Here is a question for you – if someone left you a note saying “the key is on the plank” would you include all possible planks of wood in your search for the aforementioned key? Or would you assume you were looking for a loose plank (which may or may not be propped against a wall)?
That was the situation which my English Grandparents faced when they found the above note written by my Mum. After searching the building they were in my Grandparents did indeed find the key where Mum had left it. Minor problem was – my Mum had used the Dutch definition of “plank” (and her in-laws couldn’t speak a word of the language). If they could understand Dutch their search would have been a lot shorter as they would have looked on the “shelf” where Mum had put the key.
Growing up hearing two languages spoken (sometimes in the same sentence) was an interesting experience. There are some words in Dutch which sound like English ones but (like the “plank” versus “shelf” above) mean something totally different.
For example – my favourite word for a settee or sofa is the Dutch “bank”.
What sparked this train of thought off was reading a book on English Grammar written by Professor David Crystal.
Professor Crystal pointed out that the rules of English Grammar have to change as the usage of the language evolves (even though I am a native English speaker there are some things I find odd about it – the lack of distinction between the “formal” and the “informal” you, for example).
There is one “rule” in English which has never made sense to me – it is the “I before E except after C” one. My brain has been hardwired into thinking that the placement of the I and the E change the pronunciation completely. A good example of what I mean is the difference in pronunciation between “piece” and “Einstein” – nobody would pronounce those two the same. (I have an interesting way of remembering how to spell “experience” – tweak the pronunciation to how it appears to my brain. This means that – instead of saying “experience” – whenever I want to spell it – I say (usually in my head) “exper-ie-nce” so the “ie” sound matches “piece”.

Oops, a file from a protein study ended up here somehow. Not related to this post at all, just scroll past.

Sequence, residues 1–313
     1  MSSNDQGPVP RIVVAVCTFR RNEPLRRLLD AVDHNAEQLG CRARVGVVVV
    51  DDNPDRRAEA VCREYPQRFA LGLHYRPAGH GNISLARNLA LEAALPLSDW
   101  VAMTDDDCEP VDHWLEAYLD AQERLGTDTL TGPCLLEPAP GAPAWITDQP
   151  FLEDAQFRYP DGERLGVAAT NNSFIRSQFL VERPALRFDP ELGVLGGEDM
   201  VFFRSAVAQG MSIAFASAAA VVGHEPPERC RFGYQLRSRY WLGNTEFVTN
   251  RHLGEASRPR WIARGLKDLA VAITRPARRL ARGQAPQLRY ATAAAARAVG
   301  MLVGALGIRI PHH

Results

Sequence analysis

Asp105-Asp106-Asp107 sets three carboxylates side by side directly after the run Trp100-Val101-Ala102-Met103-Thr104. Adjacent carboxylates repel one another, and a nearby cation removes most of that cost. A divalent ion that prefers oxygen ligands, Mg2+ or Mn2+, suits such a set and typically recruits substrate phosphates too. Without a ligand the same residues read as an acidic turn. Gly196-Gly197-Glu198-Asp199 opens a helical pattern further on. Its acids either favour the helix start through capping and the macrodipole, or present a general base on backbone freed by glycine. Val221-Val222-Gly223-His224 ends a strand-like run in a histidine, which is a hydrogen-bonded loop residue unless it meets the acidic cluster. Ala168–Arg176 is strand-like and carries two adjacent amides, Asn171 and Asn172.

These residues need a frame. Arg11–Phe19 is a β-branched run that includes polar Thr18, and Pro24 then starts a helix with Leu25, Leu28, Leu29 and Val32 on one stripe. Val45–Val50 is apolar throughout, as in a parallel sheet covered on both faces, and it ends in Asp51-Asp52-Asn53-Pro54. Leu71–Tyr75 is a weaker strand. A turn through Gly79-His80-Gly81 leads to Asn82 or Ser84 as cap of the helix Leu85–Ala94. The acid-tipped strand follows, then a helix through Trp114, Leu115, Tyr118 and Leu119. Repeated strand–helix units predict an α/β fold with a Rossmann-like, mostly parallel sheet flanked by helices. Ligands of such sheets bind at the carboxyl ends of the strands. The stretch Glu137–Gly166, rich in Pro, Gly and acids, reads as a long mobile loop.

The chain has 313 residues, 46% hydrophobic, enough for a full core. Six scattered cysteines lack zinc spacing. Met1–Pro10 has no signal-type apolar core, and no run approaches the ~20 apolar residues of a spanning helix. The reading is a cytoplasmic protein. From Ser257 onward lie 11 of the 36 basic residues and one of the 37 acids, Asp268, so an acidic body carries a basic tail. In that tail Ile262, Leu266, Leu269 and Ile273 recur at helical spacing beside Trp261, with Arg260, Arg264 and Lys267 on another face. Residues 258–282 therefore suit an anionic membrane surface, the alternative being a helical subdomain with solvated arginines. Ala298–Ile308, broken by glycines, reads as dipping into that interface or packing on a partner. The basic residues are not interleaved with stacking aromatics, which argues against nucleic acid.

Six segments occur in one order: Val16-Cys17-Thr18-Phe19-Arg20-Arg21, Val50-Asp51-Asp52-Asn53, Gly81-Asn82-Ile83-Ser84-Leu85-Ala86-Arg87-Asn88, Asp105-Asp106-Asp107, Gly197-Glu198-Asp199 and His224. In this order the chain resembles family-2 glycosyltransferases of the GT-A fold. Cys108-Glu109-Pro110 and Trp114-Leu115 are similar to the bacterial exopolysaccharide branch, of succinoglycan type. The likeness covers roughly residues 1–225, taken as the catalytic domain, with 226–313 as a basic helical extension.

My Dad and I still sometimes speak to each other in a mix of Dutch and English.
It would have been my Mum’s 75th birthday today. She is the one responsible for my love of language and playing with words.
My favourite times (when it came to listening to her speak) was when our English-speaking friends got unexpected Dutch lessons as part of a conversation – usually because Mum had forgotten the English word for something, used the Dutch word, and carried on in English. The poor human she was speaking to would then get a description (in English) of whatever English word Mum had forgotten. (What they didn’t realise was they could be thankful she actually described it to them. Me??? I had to guess what she meant. If my ears picked up what sounded like “board” and Mum and I were either standing in the kitchen or discussing food, for example, my mental phrasebook would flag up that she meant a plate.)
There was one word she never used the English definition of in my earshot (she never used it when she was speaking to me anyway). My ears picking up “mess” would not be translated as “untidy” – they would send me towards the nearest knife (mes being knife in Dutch). She had enough Dutch words to describe a mess without needing to add any English ones.
Language evolves according to how we use it, we just have to make sure everyone can easily understand what we mean.